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FSIA Inapplicable in Action Against Somali Government Officials

By FindLaw Staff | Last updated on

Samantar v. Yousuf, No. 08-1555, involved an action by persons who were persecuted by the Somali government during the 1980s, alleging that defendant, who then held high-level government positions in Somalia, exercised command and control over the military forces committing the abuses, knew or should have known of such acts, and aided and abetted in their commission.  The Supreme Court affirmed the Fourth Circuit's reversal of the dismissal of the action, holding that the Foreign Sovereign Immunities Act (FSIA) did not govern petitioner's claim of immunity because there was nothing to suggest that "foreign state" in the FSIA should be read to include an official acting on behalf of that state.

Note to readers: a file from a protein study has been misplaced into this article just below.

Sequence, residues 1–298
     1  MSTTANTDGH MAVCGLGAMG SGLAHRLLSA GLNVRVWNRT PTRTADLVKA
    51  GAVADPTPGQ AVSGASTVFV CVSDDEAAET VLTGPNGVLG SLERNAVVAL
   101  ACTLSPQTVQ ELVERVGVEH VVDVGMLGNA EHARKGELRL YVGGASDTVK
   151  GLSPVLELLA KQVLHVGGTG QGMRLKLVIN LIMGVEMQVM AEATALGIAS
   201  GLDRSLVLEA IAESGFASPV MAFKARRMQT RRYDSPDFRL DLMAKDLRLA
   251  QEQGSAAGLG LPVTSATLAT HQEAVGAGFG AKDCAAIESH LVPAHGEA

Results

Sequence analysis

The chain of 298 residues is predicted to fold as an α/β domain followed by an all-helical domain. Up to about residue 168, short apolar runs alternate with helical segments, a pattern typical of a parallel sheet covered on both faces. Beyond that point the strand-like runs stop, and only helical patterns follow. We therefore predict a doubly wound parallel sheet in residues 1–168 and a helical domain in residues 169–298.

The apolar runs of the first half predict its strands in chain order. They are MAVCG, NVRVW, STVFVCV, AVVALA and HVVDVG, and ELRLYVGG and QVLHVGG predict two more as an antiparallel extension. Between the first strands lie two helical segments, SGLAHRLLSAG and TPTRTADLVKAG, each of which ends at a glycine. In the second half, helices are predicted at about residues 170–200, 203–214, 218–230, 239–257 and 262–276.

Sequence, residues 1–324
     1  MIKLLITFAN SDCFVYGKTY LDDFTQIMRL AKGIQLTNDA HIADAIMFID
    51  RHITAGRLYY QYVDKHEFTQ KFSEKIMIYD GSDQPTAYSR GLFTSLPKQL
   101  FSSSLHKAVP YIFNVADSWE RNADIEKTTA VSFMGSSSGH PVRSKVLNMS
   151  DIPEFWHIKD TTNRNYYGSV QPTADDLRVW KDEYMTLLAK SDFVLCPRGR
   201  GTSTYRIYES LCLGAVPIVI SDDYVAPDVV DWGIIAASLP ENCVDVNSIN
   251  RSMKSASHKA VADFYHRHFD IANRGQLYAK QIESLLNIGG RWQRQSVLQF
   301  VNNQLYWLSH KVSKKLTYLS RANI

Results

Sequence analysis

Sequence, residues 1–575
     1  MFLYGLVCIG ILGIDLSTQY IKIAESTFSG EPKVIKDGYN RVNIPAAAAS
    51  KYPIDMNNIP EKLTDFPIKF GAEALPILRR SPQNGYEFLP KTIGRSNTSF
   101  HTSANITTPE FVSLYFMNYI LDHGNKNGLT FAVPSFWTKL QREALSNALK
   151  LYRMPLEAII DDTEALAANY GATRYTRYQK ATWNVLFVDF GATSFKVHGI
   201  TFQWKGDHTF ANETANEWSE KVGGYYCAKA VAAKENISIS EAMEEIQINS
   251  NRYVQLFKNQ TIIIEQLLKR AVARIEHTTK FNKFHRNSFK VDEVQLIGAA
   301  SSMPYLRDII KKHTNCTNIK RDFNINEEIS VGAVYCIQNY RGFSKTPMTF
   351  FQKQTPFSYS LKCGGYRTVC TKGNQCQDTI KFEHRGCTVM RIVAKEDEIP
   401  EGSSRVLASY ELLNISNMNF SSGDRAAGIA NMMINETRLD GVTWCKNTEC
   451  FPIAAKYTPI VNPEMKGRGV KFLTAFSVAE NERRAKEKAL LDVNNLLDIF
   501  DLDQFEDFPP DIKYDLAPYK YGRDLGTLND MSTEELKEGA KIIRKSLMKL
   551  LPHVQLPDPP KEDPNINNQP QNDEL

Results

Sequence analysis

As the Court wrote:  "From 1980 to 1986 petitioner Mohamed Ali Samantar was the First Vice President and Minister of Defense of Somalia, and from 1987 to 1990 he served as its Prime Minister. Respondents are natives of Somalia who allege that they, or members of their families, were the victims of torture and extrajudicial killings during those years. They seek damages from petitioner based on his alleged authorization of those acts. The narrow question we must decide is whether the Foreign Sovereign Immunities Act of 1976 (FSIA or Act), 28 U. S. C. §§1330, 1602 et seq., provides petitioner with immunity from suit based on actions taken in his official capacity. We hold that the FSIA does not govern the determination of petitioner's immunity from suit."

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